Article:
Outgoing Sempra Energy CEO Steve Baum said he expects to have the bulk of the energy crisis-spawned litigation facing the company resolved in settlements by the time he retires in January next year.

Baum made the prediction in response to a question following the San Diego-based utility holding company’s third quarter earnings conference call, in which it announced a $319 million increase in legal financial reserves, which carries a $189 million after-tax impact on quarterly earnings.

In responding to the questions, Baum gave the impression that the settlement negotiation talks have reached a point where they are ripe for some sort of resolution, but he gave no specifics.

As of Sept. 30, Sempra had put aside $554 million pre-tax in total litigation reserves related to 2000-2001 energy crisis litigation, he said. “This amount includes our judgment of the total costs in conjunction with our current energy crisis litigation, including the Continental Forge class action case,” he said, basing his estimate on the ongoing settlement discussions, estimated trial costs and what he called the “uncertainties inherent in complex jury trials.”

Earlier this week Sempra announced a settlement in the latter case with 12 of the plaintiffs, but it represented a “very small fraction” of the amounts outstanding in the class action case, which carries potential damages of a little more than $1.2 billion (see Daily GPI, Nov. 1). Terms were not divulged, but Baum repeated that the agreement represented “a very small part of the overall class action litigation, and an insignificant portion of our litigation reserves.”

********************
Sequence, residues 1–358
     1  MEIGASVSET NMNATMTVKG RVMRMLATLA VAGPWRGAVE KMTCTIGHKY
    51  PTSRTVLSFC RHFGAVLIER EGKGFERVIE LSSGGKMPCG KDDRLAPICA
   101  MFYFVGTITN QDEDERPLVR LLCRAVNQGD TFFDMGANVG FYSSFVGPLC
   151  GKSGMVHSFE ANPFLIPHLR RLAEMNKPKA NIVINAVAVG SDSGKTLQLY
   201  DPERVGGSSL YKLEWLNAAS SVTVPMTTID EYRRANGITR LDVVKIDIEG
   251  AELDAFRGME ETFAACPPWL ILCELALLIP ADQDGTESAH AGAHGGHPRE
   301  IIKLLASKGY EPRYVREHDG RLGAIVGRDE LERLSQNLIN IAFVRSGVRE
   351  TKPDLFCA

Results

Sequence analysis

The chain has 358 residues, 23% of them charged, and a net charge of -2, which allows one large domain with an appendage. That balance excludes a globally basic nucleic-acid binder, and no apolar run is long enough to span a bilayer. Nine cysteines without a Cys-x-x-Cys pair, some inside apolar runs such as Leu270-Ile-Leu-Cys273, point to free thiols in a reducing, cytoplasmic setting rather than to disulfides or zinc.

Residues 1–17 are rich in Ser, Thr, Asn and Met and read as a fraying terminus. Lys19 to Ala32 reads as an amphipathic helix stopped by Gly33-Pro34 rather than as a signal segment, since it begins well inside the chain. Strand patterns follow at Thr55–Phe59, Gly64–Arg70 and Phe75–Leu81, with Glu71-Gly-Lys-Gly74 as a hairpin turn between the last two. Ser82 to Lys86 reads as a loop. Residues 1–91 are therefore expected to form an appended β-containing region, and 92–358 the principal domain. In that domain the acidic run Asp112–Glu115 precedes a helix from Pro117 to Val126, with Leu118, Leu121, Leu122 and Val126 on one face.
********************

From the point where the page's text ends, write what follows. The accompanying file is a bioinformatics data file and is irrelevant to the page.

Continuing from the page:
In viewing the class action case now in jury trial in a California Superior Court in San Diego as a “risk to be managed,” Baum reiterated that one of his major goals for his final year’s performance is the “satisfactory resolution” of the outstanding litigation before the end of this year. This prompted an analyst to ask the outgoing CEO, who will be replaced by Sempra’s current President and COO Donald Felsinger, whether he expected to complete a settlement in the remaining part of his tenure.

“It is one of my written goals with the board of directors to reach satisfactory resolution before the end of the year of the energy crisis litigation,” Baum said. “I expect to meet my goal.”

Baum was questioned about why the company is increasing its litigation reserves now as opposed to earlier in the year. He said with settlement negotiations having evolved and become “more pointed,” and the litigation itself having progressed, there is a lot more information on which the company has to estimate its exposure. “It is not a lot more complicated than that,” he said.

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